Criticisms need solutions

NIU student Regent James Mertes is stepping into the ring against the Student Judicial Office, but perhaps he should consider going back to his corner to discuss strategy.

As so often is the case, a student leader has raised what he considers a serious complaint about NIU without proposing any viable alternatives.

Mertes has attacked the student judicial code for abuses of due process. These include the problems of inexperienced student advocates, the admission of hearsay evidence and the fact that the prosecutors, called “presenters,” work in the same office as the person who determines punishment.

However, Mertes, a former student advocate in the judicial hearings, has long complained about the codes without ever explaining how they can be altered.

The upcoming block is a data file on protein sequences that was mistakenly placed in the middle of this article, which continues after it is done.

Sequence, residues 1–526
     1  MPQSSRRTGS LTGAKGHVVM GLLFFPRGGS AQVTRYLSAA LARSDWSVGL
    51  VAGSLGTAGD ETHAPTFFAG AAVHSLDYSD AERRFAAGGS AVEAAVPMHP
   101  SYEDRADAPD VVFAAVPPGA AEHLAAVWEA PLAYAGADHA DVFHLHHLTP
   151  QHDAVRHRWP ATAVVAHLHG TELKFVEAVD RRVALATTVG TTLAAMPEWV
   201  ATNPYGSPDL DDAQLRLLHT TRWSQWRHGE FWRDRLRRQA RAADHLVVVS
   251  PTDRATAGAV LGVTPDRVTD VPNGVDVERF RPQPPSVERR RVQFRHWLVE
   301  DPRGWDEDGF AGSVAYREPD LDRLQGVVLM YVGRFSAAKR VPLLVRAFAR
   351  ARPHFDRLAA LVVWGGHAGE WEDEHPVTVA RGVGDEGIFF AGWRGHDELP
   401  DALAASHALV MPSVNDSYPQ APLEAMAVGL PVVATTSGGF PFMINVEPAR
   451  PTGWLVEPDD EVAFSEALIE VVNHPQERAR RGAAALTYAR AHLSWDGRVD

The hearing officer does not determine guilt or innocence, so this really does not represent a conflict of interest.

Yes, a person from the same office as the prosecutor—Judicial Office Director Larry Bolles—does mete out the punishment, but isn’t that the purpose of the judicial office?

The judicial code could stand further scrutiny. However, it is similar to codes found at other schools. And due to tight financial times downstate, creating a separate office for the presenters is not feasible right now.

It would certainly be refreshing, as well as lending credence to his argument, if Mertes had a game plan before trying to have another boxing match.